6 Lies Society Has Been Selling You

Sometimes I feel like society is trying to ram so many ideas down our throats, cram them into our heads, so we can’t even tell what we really think or feel divorced from what we are told we should think and feel.  There are a couple of ideas I think can be really problematic, and this is only a sampling of them, but here are 6 lies that society has been selling you-~-and which you shouldn’t be buying.

1. You will feel better if you’re skinnier.

This is such a lie.  You will feel better if you are healthy, and healthy looks different for everyone.  The media doesn’t get to decide what’s healthy.  Men don’t get to decide what’s healthy.  Feminism doesn’t get to decide what’s healthy.  Doctors get to advise on what’s healthy, and that’s about it.  “Fat” people who exercise are healthier and will live longer than “skinny” people who don’t.  And if you let your happiness revolve around your jeans size, all you’ll end up is self-conscious-~-and that’s not happiness.

2. You should be having better sex (but, you know, monogamously, because women shouldn’t be promiscuous, say our norms)

So better sex probably won’t hurt you, but again, your happiness probably shouldn’t revolve around sex.  On top of that, the sexual expectations piled on both men AND women are at best unhelpful and at worst harmful to the development not just of self-confidence but of relationships.  If you want better sex, focus first on being comfortable with yourself and with communicating about sex, and don’t worry about the rest.  Have the kind of sex that you like, with the person or people you want to have sex with, because this is one of those things that no one can define as “good” for you.

3. You should be in a relationship.

Who decided this?  I’m serious.  Who decided that monogamous relationships were the gold standard of human interaction?  I touched on this is a long-lost post about Valentine’s Day, but I have more to say here.  First, not everyone is emotionally ready for a relationship.  Romantic relationships take a significant amount of emotional commitment, time, and energy.  Not everyone actually has that to give.  Not everyone is mature enough for that.  Not everyone is ready to make decisions factoring in another person because that’s just not where they are in their lives.  And that’s fine.  Some people just don’t WANT that, and that’s fine too.  No one should have to feel like a failure because they don’t want or don’t have a significant other in their lives.  You are in fact a complete person all on your own.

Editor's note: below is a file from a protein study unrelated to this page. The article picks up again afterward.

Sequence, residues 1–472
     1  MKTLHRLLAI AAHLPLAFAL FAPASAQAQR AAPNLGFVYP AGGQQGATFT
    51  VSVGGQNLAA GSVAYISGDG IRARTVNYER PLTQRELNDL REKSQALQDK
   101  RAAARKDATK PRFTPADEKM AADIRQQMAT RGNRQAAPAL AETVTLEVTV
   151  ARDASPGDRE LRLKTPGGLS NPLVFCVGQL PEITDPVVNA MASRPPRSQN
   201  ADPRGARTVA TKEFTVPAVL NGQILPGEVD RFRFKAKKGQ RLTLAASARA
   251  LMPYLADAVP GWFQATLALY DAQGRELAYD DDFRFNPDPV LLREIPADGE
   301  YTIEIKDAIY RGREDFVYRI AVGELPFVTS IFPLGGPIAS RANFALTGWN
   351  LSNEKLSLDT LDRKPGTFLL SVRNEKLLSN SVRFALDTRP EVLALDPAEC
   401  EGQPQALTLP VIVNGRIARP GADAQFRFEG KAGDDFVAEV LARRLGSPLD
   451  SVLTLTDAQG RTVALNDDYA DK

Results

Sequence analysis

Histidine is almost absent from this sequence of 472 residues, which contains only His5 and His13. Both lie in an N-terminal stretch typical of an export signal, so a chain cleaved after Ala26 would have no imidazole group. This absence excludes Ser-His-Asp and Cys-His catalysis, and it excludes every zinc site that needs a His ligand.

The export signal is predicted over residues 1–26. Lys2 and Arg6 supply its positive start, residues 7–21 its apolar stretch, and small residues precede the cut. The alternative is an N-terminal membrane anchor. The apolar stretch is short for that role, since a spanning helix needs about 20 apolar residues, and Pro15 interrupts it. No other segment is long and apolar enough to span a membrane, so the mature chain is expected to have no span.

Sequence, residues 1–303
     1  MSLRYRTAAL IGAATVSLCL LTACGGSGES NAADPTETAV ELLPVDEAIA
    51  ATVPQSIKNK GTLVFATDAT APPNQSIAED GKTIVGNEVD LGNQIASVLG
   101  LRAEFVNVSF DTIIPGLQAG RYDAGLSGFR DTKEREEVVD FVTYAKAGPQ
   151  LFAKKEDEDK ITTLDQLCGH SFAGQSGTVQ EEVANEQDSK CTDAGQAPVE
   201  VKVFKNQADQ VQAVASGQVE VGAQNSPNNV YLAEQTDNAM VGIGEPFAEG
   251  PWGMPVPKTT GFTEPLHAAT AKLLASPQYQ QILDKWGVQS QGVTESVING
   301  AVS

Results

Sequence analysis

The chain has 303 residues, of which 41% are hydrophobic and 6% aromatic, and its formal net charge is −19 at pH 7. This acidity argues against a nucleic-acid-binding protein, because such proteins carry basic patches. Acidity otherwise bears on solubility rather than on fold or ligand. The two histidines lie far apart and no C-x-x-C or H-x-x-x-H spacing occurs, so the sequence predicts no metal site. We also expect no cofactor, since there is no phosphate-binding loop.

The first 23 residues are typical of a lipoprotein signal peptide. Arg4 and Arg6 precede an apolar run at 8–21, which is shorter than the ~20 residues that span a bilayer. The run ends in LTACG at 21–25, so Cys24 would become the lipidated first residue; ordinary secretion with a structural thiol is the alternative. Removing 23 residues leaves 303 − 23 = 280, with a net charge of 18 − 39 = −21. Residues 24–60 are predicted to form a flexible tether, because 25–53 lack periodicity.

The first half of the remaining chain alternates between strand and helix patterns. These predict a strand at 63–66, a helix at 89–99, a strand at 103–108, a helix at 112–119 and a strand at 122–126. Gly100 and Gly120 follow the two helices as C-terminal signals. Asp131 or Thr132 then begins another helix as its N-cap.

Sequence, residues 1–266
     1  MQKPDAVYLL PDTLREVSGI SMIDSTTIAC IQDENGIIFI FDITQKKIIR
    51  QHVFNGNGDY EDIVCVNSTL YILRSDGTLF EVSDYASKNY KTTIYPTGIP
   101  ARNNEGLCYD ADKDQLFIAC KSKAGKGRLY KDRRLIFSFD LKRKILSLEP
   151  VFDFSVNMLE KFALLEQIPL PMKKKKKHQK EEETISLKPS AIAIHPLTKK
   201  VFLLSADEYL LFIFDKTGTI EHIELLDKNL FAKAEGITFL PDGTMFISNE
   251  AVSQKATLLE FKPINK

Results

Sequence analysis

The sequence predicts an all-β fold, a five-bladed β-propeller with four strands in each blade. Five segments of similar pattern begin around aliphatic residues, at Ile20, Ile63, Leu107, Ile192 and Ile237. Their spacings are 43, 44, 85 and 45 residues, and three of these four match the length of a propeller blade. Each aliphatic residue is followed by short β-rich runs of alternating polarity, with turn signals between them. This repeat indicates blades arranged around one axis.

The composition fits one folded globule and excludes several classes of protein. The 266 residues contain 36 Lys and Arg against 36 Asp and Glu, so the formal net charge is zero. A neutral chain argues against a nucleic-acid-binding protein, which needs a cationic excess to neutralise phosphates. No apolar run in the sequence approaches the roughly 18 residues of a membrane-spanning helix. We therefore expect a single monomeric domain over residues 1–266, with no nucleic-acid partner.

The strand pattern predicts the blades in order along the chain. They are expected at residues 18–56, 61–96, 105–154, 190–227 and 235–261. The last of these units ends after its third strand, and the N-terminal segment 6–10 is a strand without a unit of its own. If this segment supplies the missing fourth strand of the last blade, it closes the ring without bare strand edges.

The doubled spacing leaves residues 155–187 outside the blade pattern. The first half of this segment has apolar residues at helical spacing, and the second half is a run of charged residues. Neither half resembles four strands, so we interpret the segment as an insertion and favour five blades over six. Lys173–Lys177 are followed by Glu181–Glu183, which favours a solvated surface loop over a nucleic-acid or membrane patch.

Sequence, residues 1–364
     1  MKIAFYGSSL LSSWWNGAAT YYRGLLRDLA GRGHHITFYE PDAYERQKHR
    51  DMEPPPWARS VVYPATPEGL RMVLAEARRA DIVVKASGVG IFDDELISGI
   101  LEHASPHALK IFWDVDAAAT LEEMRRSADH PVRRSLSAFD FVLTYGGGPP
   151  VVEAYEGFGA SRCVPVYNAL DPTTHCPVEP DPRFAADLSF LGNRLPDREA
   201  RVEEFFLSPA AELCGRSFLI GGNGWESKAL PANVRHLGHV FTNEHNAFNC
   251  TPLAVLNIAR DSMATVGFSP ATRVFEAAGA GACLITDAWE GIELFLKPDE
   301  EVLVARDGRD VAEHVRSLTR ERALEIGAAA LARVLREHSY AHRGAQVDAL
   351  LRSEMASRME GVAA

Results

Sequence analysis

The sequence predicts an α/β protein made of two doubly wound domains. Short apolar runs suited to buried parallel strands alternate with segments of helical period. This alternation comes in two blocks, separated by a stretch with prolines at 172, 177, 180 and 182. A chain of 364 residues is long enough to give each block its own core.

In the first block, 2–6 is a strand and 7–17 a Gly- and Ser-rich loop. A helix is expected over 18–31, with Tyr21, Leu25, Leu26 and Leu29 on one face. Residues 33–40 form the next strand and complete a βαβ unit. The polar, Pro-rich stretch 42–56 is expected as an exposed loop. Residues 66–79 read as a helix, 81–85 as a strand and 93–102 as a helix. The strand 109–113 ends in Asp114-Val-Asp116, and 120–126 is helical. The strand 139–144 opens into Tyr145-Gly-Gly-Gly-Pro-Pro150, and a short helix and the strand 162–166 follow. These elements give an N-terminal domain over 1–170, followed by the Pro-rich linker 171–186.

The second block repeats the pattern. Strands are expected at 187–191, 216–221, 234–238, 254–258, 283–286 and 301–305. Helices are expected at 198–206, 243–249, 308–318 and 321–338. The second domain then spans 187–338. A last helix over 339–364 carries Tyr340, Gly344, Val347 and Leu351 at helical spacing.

4. You should be over him/her.

Again, who decided this?  Who decided there was a time limit on how long you have to get over someone?  Breakups are difficult, and every breakup is different.  They effect people in various ways, and some may be easy to get through, and some may be much, much harder.  Don’t let anyone tell you that the amount of time you get is dictated by the length of the relationship or the cause of the split-~-you get however much time you need to feel healed again.  And that’s totally fine.  Don’t ever let anyone make you feel small or pathetic because you’re dealing with something.

5. You should be happier.

Happiness is great and all, but no one should be shaming you if you’re not.  Personally, I don’t think anyone who holds it against you that you’re dealing with a tough time is a real friend, but that’s just me.  Conditions like depression, anxiety, and PTSD are very real, and they impact tens of thousands of people across the United States every year.  And they’re linked to some of the other things I have already talked about-~-breakups, loneliness, low self-esteem, etc.   And those are real problems that need to be addressed, but no one should make you feel bad about the fact that you don’t have it all under control.  It is okay not to be okay all the time.  It’s okay to let yourself go, and it’s okay to give yourself time and space to heal after bad things happen.  It’s okay to need time to deal with life in general without there being a specific trigger.

6. A good feminist is ambitious, self-confident, sex-positive, with good body image who doesn’t care about that “shallow” crap.

This is maybe the stupidest lie of all.  It’s right up there with “feminists hate men” and other misconceptions about feminism.  A good feminist cares about people.  A good feminist wants every woman to have a fair shot.  A good feminist wants to see a more just world.  And that’s about the extent of the generalizations.  Yes, feminism as a movement wants to get rid of hierarchical structures and norms that harm both men and women and a good feminist probably believes those structures are bad, but that doesn’t mean that a good feminist has to have overcome every internal and external obstacle that she has encountered.  It is okay to still have body image issues-~-I know I do.  It is okay to want to stay home.  It is okay to have had bad experiences with or not really enjoy sex or particular sex acts.  It is okay to care what you look like.  It is okay to be feminine, or to reject conventions of femininity.  It’s okay to have moments of self-doubt or to get scared sometimes.  Because feminists are human-~-we’re not freaking robots (can you imagine if we had Patriarchy-destroying robots?  How cool would that be?)  And it’s okay to just be human, too.


~ by Randi Saunders on September 26, 2013.

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